Both Paris and Benvolio show types of love that are truly genuine. These are attitudes that are truly timeless, and will never falter. Benvolio expresses love of man for man. Whilst he may jest and laugh at Romeo’s infatuation with Rosaline and then Juliet, he secretly cares deeply about Romeo. Paris on the other hand, expresses the genuine love of man for woman. Regrettably, his feelings are not returned, yet Paris stays devoted to Juliet, promising to strew flowers and weep over her tomb every night. Even when facing death, his only wish is to be near Juliet- ‘If thou be merciful, Open the tomb,
Lay me with Juliet.’
Surely love like this still exists, whether it may occur in a simple playground crush or a more deep and demanding love.
Another corollary of love, which we all hope is as foreign as possible to our world, is the love felt by Sampson and Gregory. Love, to them, simply means the rape of Montague women. This is rather absurd to most people, although rape and sexual assault are still present in society. Sampson and Gregory also portray many customs that are unfamiliar to us. From them we learn of bucklers and colliers (weapons used in fighting). In the rather comical fighting scene between Sampson, Gregory, and two other servicemen from the house of Montague, we hear of quite a few insults; ‘a dog of that house’ and ‘I do bite my thumb.’ To the audience, this is rather entertaining but is quite ‘out of date.’
Towards the beginning of the play we read of the grand Capulet ball. It is here that the lovers first meet. It also provides a large insight into the customs of the Shakespearean era. This gives us many material aspects where the era is foreign to us. The plates are wooden instead of pottery, the tables, chairs, and buildings on the whole, are wooden. When people arrive, they bring their own knives, which they put down on the table to mark their place. These are just a few of the differences that are unusual to us.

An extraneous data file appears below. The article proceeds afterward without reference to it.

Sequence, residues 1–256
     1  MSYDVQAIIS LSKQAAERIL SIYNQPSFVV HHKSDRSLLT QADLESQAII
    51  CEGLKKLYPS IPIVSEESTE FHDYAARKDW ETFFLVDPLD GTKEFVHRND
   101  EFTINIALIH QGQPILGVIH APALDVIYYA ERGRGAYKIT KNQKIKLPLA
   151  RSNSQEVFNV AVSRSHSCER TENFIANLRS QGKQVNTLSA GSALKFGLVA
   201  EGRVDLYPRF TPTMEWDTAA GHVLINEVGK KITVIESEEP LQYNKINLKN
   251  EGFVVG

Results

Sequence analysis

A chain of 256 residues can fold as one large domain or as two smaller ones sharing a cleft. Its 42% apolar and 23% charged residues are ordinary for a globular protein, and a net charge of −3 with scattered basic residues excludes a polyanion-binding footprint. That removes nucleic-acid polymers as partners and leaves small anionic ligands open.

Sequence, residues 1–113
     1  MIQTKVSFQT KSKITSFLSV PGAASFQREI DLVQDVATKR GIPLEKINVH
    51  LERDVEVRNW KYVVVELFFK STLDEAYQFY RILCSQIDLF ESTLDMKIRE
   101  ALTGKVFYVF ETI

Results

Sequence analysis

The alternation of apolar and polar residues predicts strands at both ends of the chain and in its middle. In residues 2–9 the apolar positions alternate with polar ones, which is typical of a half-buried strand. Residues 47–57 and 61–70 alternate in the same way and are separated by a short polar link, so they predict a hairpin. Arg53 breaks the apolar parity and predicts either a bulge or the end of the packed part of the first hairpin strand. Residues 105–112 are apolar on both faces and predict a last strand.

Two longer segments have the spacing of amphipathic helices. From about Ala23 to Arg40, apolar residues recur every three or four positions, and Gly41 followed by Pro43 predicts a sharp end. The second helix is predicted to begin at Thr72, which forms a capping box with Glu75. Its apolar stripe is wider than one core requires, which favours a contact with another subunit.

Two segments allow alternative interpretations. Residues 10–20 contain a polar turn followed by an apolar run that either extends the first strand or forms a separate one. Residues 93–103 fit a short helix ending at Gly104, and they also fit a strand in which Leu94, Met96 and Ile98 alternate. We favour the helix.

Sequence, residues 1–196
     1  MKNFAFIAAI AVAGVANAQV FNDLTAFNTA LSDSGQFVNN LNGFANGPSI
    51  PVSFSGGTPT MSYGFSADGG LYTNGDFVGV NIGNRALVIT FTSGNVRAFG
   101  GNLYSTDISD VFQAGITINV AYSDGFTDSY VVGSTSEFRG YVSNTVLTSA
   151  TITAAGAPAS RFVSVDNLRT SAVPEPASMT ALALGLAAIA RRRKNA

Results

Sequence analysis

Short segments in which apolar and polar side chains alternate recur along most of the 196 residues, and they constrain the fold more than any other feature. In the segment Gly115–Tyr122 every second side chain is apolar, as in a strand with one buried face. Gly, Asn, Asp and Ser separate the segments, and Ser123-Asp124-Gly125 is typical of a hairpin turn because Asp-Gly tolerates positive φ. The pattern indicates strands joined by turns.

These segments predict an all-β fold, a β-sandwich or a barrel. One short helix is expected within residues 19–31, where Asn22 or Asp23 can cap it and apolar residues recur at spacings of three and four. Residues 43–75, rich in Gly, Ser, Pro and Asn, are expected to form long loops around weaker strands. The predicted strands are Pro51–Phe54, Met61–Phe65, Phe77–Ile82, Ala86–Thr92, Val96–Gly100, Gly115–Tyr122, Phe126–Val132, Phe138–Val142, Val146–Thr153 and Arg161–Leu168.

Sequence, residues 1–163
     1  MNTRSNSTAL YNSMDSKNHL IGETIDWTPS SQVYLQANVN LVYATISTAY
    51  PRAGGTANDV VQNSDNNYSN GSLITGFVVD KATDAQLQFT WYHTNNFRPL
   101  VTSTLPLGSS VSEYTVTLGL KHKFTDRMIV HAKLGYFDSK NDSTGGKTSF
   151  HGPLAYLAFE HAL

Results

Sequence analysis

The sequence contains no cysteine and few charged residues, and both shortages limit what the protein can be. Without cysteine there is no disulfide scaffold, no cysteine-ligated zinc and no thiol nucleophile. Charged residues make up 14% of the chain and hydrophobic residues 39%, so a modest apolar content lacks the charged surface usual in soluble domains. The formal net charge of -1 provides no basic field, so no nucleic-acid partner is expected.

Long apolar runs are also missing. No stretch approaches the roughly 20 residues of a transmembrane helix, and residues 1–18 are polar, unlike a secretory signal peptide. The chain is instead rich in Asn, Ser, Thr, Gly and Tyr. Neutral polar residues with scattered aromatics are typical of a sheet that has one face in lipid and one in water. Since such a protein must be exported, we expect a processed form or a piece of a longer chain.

True love is possibly one of the only emotions or aspects that has remained completely whole over the years. It is blinding and inspiring, creating moments of pure amazement and perfection. It is from this true form of love that Romeo and Juliet’s relationship began. Yet true love could also be the cause of ruin to both of them, because it is from true love that the hatred and envy has sprung.
This love inspires Romeo- she ‘teaches the torches to burn bright…’ It makes him question what he previously believed- ‘Did I ever love until now?’ It is clearly love at first sight, an electric flash of blinding light. The verbal kiss shared between Romeo and Juliet is a poem of love. Religion is mentioned, whereby Romeo sees himself as a pilgrim at a saint’s shrine. This relation to religion is slightly foreign to us now. As times have changed, the necessity to talk of religion has faded. In Elizabethan times the country was mainly Christian, with most people attending church. Now, modern England is multicultural, along with many atheists. Although this connection to religion is foreign, citizens understand the broad meaning of the passage today. We can relate to these feelings of true love.
Juliet’s love, being rather similar to that of Romeo’s, is true love, suddenly sprung from nowhere. This love at first sight may be the end of both of them, yet consequently, it is these deaths that reunite the families after years of hatred. Maybe these deaths could have been avoided if our two lovers had not been so hasty, yet this was not so.
Shakespeare’s world, in Elizabethan times, varies greatly to our current world, yet in many ways, certain parts of their life can be related to. From a materialistic view, we share no similarities; we dress differently, speak differently, and even fight differently. However, when one looks harder, one realises that, whilst appearances have changed with time, love has become timeless. In its many different corollaries and antitheses, love has passed the test of time, and still lives on.